The United States on Thursday said that if India conducts a nuclear test, Washington could stop civil nuclear co-operation with New Delhi but that can happen only after discussions are held to determine the justification for the test.
US Ambassador to India David Mulford said India as a sovereign nation can and will always have the right to go for a nuclear test. But if India does so, under US laws there could then be a cessation of civil nuclear relationship.
"There is a Hyde Act requirement. But in the 123 agreement, which was negotiated to effect that into reality, there is a set of procedures laid down. This involves first of all the president determining that we should enter into a dialogue to discuss why tests were conducted," said Mulford.
As there are certain waiver authorities granted to the US president under the Hyde Act, "in that dialogue reasons just might be found to justify the test. There might be developments in the neighbourhood or something like that could justify the test," Mulford said.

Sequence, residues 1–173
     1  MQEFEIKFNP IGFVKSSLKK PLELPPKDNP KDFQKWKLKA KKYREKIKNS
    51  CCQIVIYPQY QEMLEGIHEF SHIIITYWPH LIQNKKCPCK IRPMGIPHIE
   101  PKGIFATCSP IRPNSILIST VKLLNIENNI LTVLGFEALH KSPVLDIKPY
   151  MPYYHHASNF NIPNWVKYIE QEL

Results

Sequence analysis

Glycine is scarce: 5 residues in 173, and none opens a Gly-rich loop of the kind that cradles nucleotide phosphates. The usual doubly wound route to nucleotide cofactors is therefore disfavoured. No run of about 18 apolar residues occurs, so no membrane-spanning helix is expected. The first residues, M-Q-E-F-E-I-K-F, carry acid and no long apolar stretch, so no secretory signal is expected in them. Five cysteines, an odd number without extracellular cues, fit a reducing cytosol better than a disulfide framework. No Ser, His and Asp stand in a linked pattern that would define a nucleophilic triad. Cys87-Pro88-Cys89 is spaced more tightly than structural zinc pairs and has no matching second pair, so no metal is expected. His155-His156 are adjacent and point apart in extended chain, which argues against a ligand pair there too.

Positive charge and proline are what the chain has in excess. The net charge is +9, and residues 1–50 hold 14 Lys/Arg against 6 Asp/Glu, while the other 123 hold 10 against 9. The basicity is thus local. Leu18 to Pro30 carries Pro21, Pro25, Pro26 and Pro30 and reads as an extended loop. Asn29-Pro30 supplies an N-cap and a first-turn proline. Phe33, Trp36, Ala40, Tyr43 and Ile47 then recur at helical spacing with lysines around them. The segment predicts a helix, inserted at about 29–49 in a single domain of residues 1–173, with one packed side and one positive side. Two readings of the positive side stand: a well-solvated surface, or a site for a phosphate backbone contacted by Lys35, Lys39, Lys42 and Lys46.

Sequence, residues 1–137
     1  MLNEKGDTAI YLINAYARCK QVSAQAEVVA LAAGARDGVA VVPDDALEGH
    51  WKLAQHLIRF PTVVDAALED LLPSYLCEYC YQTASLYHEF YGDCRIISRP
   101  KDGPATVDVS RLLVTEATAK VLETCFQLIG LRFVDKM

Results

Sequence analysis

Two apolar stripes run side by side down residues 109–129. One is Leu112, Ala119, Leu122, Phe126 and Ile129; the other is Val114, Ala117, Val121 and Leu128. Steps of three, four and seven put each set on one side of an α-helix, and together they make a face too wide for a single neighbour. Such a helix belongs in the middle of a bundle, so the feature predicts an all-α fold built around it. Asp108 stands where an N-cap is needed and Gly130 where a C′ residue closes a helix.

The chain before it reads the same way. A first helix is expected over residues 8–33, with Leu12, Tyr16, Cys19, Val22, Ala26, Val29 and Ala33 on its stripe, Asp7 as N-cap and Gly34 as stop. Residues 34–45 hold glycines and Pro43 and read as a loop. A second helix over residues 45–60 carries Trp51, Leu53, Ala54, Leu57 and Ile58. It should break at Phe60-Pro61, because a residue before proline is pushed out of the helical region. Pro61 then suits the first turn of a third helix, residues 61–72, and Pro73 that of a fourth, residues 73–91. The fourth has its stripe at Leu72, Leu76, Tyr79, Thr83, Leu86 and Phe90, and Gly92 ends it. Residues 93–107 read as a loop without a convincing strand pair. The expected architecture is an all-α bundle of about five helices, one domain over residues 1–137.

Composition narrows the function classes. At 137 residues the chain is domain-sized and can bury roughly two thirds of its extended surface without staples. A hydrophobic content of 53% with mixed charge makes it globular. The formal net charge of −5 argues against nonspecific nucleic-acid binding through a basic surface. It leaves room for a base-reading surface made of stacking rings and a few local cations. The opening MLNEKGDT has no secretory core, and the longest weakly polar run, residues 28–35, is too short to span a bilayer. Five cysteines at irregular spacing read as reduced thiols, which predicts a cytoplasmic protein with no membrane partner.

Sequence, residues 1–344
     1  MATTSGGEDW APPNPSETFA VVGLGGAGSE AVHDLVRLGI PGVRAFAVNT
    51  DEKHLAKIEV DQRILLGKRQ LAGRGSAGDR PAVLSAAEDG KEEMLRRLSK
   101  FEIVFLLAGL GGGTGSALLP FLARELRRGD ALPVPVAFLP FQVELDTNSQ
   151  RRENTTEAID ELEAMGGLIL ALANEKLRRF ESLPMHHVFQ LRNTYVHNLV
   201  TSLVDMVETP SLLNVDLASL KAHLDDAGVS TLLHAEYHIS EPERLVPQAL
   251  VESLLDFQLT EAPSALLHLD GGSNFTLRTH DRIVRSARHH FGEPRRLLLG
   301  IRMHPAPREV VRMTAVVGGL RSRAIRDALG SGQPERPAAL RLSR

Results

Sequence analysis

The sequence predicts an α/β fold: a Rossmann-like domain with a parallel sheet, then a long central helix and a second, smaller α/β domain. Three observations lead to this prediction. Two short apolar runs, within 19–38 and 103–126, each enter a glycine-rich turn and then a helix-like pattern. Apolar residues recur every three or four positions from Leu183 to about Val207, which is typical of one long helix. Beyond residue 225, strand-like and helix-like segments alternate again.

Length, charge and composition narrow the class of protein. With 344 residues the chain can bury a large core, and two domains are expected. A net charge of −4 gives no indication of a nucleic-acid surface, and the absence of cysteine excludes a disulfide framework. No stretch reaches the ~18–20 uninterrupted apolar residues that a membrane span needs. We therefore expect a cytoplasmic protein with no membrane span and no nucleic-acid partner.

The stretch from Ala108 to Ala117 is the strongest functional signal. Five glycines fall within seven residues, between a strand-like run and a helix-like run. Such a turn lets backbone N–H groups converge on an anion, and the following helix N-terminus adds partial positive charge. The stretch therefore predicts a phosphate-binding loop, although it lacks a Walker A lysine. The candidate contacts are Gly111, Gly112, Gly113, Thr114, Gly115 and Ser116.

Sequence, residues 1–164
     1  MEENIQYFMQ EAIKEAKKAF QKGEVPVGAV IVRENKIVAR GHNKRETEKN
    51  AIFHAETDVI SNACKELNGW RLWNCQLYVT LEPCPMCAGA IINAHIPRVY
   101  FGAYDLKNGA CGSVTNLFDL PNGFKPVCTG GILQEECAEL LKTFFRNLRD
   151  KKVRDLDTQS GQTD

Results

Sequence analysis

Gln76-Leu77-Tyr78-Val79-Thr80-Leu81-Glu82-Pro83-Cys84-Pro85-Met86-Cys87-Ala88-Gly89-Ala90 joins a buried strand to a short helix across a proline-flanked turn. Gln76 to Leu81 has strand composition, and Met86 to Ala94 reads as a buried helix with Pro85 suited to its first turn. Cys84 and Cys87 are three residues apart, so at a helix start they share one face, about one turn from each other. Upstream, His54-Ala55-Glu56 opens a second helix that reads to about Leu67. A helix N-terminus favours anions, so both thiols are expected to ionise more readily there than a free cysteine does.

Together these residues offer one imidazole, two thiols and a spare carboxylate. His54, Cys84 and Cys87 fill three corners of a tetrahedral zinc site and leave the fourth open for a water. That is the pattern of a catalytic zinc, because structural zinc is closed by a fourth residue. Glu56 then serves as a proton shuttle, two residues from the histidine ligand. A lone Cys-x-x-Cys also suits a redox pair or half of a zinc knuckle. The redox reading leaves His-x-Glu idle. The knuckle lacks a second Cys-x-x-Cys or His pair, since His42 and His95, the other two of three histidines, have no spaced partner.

"So certain things can be waived or in fact co-operation could be restored. So cessation is not final. The procedure is detailed in the 123 agreement. So, that is how we govern this relationship," he added.
Asked if the NSG waiver allows India to do nuclear trade with any other countries, Mulford said, "India does not intend to go ahead with any other arrangement until the 123 process is completed."
"We have always understood that the safeguards agreement which India negotiated with the International Atomic Energy Agency, will be signed and activated only after the 123 agreement is passed (by the US Congress). So, we regard that as the present situation," Mulford told NDTV.